AG: I also think that local hospices and maybe caregiver agencies might, particularly if a study could be done that could demonstrate the injury prevention potential of this, have budgets for inviting someone to come and teach this to their staff. It would save them money by preventing injury and outages.
NJ: We are also interested in applying for grants, for instance from AARP, and other caregiver organizations that provide funding, to further develop the workshop and then perhaps develop a study. And maybe even create a fund for caregivers who can’t afford to have FI lessons, so that they could get the FI benefits from the program. 
IT: How did you two go about creating the workshop? Did you test it out on people? What was the refinement process? 
AG: We’ve really only done pieces of it here and there with different people. We haven’t taught it yet. We’re going to pilot it probably this summer when I’m back in New York. 
NJ: We’ve designed the workshop. We’ve written it out and refined it in writing. We’ve also spoken with Deborah Bowes, who is a PT/Feldenkrais Practitioner out in California. She gave us some feedback. So now what we really want to do is teach the workshop and see how it plays out in the caregiver community. Then, that will be our refinement process—teaching it at caregiver national conferences, respite events, and support groups.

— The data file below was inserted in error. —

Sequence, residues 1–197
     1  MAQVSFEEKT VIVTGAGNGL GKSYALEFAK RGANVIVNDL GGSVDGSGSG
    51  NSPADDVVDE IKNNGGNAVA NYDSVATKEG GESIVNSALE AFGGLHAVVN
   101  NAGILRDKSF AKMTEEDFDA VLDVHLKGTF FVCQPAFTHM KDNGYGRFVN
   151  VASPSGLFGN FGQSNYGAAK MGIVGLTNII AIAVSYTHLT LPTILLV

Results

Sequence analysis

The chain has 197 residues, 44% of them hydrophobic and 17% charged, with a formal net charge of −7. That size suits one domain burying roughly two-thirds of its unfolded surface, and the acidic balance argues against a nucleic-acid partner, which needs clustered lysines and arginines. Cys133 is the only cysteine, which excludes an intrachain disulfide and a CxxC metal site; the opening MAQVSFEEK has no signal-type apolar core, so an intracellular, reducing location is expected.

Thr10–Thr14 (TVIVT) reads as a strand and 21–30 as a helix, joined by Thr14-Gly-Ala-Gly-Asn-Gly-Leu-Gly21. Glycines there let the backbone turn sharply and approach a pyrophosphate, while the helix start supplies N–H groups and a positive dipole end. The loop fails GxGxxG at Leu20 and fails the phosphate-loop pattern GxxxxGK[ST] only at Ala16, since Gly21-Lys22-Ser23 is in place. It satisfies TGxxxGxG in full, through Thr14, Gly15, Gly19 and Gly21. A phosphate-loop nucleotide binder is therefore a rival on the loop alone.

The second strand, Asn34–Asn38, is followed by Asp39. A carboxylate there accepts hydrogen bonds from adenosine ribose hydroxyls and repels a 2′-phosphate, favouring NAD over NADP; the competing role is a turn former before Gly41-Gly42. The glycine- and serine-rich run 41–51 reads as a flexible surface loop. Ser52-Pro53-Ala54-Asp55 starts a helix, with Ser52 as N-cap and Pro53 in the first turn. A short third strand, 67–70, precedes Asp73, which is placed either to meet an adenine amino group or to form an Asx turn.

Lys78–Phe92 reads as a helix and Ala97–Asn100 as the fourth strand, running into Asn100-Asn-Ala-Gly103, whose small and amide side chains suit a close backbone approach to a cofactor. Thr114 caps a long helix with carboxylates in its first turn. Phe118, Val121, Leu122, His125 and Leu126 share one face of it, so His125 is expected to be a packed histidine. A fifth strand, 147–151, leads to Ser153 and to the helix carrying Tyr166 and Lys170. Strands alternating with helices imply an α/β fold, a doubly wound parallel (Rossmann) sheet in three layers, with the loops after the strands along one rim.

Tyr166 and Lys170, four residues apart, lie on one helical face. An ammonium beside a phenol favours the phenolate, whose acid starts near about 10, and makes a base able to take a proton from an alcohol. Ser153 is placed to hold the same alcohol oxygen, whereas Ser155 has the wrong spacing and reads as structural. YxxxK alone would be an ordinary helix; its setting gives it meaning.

AG: We are basically moving right now from the conceptual to the pilot phase.  
IT: What advice would you give your fellow Feldenkrais colleagues about creating their own workshops? What elements would you say are important for success in the process?
NJ: Sticking with your vision, being very clear early on, just like we do in FI [lessons], on what you want to do and then taking each moment as an approximation. Keep that vision of your ideal in your mind at the same time as you make one approximate step toward your goal, toward that vision. Keep going back and forth between the narrow focus and the longer, wider, more open focus. If you have an idea, try to envision who you are teaching, who you want to speak to, and what their needs are, and work backward from there.
AG: Having a clear sense of whom you are trying to reach. It doesn’t have to be dancers or older people, it could be just people who sit a lot in their jobs or people who commute. What is the specific gateway to the material you’re teaching? Somebody once said, “All ATM is the same ATM,” which really cracked me up because it all sort of leads to the same place, but where is the gateway? The gateway has to be defined. Then, they can get into that vast space no matter what. 
NJ: You have to know what you want to do in order to do what you want. Really, it’s very, very, true. Keep refining your vision of what you want to do, and keep remembering your passion for it and why you want to do it so that you continue to come from the same seed. 
IT: If any member practitioners wanted to contact you about this project how can they reach you?
AG: E-mail is probably the best bet because we might be hard to get by phone.
NJ: Our interest would be to start a list of practitioners who are interested in this workshop so that when the time comes to bring it to the larger Feldenkrais community, we will have a list of interested practitioners to start sending out information to. 
AG: We’d also be happy to just be in touch with people because they may have something to contribute.